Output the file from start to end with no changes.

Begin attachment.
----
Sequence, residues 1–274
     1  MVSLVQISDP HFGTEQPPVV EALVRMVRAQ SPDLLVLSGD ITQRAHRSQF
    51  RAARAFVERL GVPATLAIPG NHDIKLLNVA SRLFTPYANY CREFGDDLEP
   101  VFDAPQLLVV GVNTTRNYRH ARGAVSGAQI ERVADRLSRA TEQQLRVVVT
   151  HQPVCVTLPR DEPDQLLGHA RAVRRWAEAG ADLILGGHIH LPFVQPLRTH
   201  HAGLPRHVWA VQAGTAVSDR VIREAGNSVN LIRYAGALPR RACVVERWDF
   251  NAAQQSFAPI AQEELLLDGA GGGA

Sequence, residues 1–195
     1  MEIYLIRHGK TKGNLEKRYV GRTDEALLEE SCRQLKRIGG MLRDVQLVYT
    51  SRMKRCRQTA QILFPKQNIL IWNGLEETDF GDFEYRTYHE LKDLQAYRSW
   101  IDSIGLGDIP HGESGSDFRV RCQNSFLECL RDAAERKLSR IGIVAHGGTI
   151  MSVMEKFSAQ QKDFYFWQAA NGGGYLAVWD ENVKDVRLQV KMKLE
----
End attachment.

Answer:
Sequence, residues 1–274
     1  MVSLVQISDP HFGTEQPPVV EALVRMVRAQ SPDLLVLSGD ITQRAHRSQF
    51  RAARAFVERL GVPATLAIPG NHDIKLLNVA SRLFTPYANY CREFGDDLEP
   101  VFDAPQLLVV GVNTTRNYRH ARGAVSGAQI ERVADRLSRA TEQQLRVVVT
   151  HQPVCVTLPR DEPDQLLGHA RAVRRWAEAG ADLILGGHIH LPFVQPLRTH
   201  HAGLPRHVWA VQAGTAVSDR VIREAGNSVN LIRYAGALPR RACVVERWDF
   251  NAAQQSFAPI AQEELLLDGA GGGA

Sequence, residues 1–195
     1  MEIYLIRHGK TKGNLEKRYV GRTDEALLEE SCRQLKRIGG MLRDVQLVYT
    51  SRMKRCRQTA QILFPKQNIL IWNGLEETDF GDFEYRTYHE LKDLQAYRSW
   101  IDSIGLGDIP HGESGSDFRV RCQNSFLECL RDAAERKLSR IGIVAHGGTI
   151  MSVMEKFSAQ QKDFYFWQAA NGGGYLAVWD ENVKDVRLQV KMKLE